The child must confront the fact that s/he is not the sole bearer of his or her parent’s affections but that s/he must compete with others for them. Not only must s/he then redirect any sexual desires away from the parents, s/he must strictly circumscribe the expression of almost all signs of overt sexual desire. As psychoanalysis has stressed, both the loss of parents as love objects and the severe circumscription of child sexual expression are two of the more significant and formative traumas
in a child’s development. [*67]

The trauma of childhood sexuality – or what I call the simultaneous production and prohibition of incestuous and pedophilic desire (and thus of sexual desire in general) – frustrates and enrages the child intensely, and these emotional events in turn produce profound grief, guilt, and shame for both the child and the parent. [*68]

The problem is that our culture demands that any eroticized parent-child emotions and any overt childhood sexual desire remain unexpressed. We simply do not have a language to speak childhood sexuality, let alone a language to articulate the erotic bond between children and parents. [*69]

These topics are taboo. We are not even expected to talk about them, let alone admit to having such desires. But without a language to work through these prohibited desires, the grief, guilt, and shame they engender remain unresolved. And this only intensifies the original trauma of infantile sexuality.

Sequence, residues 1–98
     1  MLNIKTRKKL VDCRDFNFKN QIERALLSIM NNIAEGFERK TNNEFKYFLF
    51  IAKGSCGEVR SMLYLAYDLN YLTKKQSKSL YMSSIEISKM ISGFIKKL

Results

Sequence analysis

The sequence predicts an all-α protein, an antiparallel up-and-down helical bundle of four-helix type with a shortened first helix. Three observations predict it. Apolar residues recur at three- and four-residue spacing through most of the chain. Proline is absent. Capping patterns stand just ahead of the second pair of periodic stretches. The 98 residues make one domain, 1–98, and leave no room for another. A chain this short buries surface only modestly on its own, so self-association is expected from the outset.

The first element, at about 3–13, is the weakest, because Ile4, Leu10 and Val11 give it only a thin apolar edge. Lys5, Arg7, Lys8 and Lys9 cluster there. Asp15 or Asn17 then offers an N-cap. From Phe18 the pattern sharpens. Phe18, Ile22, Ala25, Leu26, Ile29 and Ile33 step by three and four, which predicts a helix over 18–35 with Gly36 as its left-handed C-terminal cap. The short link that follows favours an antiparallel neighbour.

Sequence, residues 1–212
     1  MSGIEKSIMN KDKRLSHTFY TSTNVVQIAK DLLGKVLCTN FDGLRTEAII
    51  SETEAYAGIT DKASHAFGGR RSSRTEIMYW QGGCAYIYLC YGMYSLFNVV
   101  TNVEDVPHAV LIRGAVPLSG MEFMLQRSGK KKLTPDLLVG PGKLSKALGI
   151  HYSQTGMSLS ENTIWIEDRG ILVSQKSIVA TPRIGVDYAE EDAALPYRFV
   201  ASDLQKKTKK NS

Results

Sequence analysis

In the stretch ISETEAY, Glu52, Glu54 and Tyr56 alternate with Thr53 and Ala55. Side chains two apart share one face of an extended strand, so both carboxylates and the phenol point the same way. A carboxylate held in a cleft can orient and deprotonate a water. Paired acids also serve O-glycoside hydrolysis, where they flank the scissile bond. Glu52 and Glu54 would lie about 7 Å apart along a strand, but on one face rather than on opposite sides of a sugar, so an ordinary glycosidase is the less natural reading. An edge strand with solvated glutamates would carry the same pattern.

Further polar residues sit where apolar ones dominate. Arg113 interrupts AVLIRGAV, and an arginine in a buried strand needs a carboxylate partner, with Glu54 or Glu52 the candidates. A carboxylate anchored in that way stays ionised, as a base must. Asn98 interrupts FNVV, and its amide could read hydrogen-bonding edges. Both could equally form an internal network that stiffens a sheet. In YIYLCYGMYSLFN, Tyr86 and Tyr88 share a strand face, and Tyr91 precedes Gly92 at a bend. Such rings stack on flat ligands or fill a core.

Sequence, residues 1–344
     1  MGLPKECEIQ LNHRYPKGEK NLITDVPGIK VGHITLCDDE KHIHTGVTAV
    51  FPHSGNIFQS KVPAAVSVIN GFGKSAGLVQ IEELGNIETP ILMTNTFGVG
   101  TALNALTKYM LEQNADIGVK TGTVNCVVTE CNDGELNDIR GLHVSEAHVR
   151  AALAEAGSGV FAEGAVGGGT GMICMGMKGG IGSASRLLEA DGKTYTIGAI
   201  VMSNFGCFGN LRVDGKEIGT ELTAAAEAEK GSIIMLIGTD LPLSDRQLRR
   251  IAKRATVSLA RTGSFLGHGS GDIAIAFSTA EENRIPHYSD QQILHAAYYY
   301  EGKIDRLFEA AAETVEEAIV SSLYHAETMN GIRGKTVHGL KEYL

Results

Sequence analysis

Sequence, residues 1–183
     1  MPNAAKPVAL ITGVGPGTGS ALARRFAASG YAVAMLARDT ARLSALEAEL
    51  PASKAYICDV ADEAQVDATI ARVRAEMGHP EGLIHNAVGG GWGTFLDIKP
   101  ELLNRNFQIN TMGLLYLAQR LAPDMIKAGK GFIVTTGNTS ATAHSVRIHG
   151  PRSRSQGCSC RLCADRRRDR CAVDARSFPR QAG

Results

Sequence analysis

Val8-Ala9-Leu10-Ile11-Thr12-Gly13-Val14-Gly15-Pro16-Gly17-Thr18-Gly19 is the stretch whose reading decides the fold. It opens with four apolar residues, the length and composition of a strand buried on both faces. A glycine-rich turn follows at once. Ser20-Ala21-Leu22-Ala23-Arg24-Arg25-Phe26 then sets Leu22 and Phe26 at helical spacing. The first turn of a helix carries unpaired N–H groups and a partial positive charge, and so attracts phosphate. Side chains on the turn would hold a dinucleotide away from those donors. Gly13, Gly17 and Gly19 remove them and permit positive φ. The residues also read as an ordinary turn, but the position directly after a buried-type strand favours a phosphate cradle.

How do we then deal with these highly intense and inarticulable incestuous and pedophilic desires? The answer, which might in these post-Foucauldian, post-repressive hypothesis times appear somewhat outdated, is, I suggest, repression. [*70]

Repression and collective neurosis

According to psychoanalysis, at the level of individual psychology we rely on repression to ward off prohibited desires. As Anna Freud reminds us with regard to neurosis, “repression is not only the most efficacious, it is also the most dangerous, mechanism.” [*71]

Any reminder of the original conflict easily reactivates the repressed material, which has been pushing relentlessly throughout our entire life toward release. In other words, the intra-psychically repressed elements of childhood sexuality remain in permanent conflict with the ego, attracting metonymically associated ideas that are similarly discordant with the ego or super-ego, such as pedophilia. These metonyms act as dangerous reminders of the original sexual conflict. As intra-psychic repression is not a singular event but a permanent process, ever more expenditures of psychic energy are required to keep the repressed material at bay. [*72]